With Hurricane Ian ripping up the Atlantic coast, we have had a lot of people ask if and how our location in Cape May is safe. We are at the South Jersey Marina and at least seven other sailboats sought shelter here from Hurricane Ian. Wild Horses and Brise arrived here on Thursday September 29, just in advance of the storm. Other boats had arrived a day earlier and a few more boats came in before the wind really picked up on Saturday.
Our marina is nestled within the Cape May inlet. It is well-protected from the stronger winds and swells of the Atlantic and it thankfully has floating docks that rise and fall with the tides. All forecasts had Hurricane Ian being downgraded to a Tropical Storm by the time it reached the Carolinas, with our area being mostly affected by hurricane remnants, which covers a very wide area but has less force than an actual hurricane. We were expecting big wind and rain by late Saturday and through to Tuesday. Warnings about strong winds, rip currents, high surf and flooding, have littered our local forecasts. We are happy we made the choice early to get Wild Horses docked at a marina that is outside the strongest path of the storm.
The actual weather did not disappoint. The wind, reaching almost 50 knots, was the strongest we had experienced. From inside the boat, we could feel and hear the wind but it wasn’t uncomfortable or scary. Most importantly, we stayed inside the boat during the worst of the storm. There is a tendency to re-check lines and gear but the biggest risk is not from what is happening with your boat, it is debris flying through the air. We had already secured or removed any loose items from our boat deck and dinghy. We had tripled run our dock lines. We knew Wild Horses was safe and we knew we were safe.
Besides storm-dodging, we have kept ourselves fairly busy for the past week. We are in walking distance to a few marine stores so we were able to do some much-needed boat repairs. The first was our shore power plug that got fried during a power surge at Hop-o-Nose Marina. Since we have been on mooring balls or anchored for the last few weeks, we have relied entirely on solar power to keep our boat batteries full. But with a forecast of several days of rain and clouds, we needed to get our shore power plug fixed and operational. Once we had the parts, it took Mike less than an hour to get us back in business.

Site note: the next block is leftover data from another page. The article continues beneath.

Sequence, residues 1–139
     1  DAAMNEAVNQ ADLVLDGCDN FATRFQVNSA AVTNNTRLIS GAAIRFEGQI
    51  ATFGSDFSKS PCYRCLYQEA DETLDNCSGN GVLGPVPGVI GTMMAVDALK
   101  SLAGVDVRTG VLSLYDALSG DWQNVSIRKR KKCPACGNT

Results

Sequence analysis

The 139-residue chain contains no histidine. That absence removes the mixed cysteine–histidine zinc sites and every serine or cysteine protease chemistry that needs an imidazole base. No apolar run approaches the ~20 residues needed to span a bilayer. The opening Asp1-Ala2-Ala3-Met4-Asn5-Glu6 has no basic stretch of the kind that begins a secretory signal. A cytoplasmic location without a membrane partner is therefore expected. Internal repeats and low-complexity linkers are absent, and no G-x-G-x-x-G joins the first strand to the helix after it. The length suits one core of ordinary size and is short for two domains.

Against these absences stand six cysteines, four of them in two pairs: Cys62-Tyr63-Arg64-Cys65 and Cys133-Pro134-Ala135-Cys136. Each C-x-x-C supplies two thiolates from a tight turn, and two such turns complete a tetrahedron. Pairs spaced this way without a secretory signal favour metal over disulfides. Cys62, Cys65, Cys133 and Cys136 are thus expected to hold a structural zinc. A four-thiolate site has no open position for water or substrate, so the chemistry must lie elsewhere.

Then there was the newly found leak under our bow thruster. You read that correctly, we had saltwater slowly coming into the boat from under our bow thruster. Yeesh. Now, it wasn’t enough water intrusion to sink the boat but it was enough that we wanted to slow it down, or even better, stop it 😉. The marine store had the perfect solution – an epoxy putty stick that works under water. It took two full sticks to stop the leak. Whew.
But it hasn’t all been work for us. We have walked Ocean all over the pretty little town of Cape May and even took the Marina shuttle downtown to do some grocery shopping.
The last few days have turned a little chilly. We don’t mind pulling out our fall jackets for walks and our boat heater keeps the temperature inside the boat nice and cozy. The downside of the fall chill in a boat? Condensation. Boat hatches are not insulated so the cold-glass-meets-warm-humid-air situation means our hatches start raining.
It looks like the weather will cooperate for us to leave Cape May on Thursday Oct 6. We will finally head up the Delaware Bay and, within a few days, we should be in Annapolis, Maryland, where we will stay until the better part of hurricane season is over.
One bonus side note - Remember the crazy swells on our journey from Atlantic City to Cape May? A tiny but important plastic piece of one of our boat hooks lasted the whole time on deck. We thought we had lost it to Neptune during the swells but, nope, there it was on deck, ready to be attached back on the boat hook. Wild!
Victoria is a hiker, dog-lover, blog writer and planner extraordinaire. Oh, yeah and she is kind of fond of living on a boat.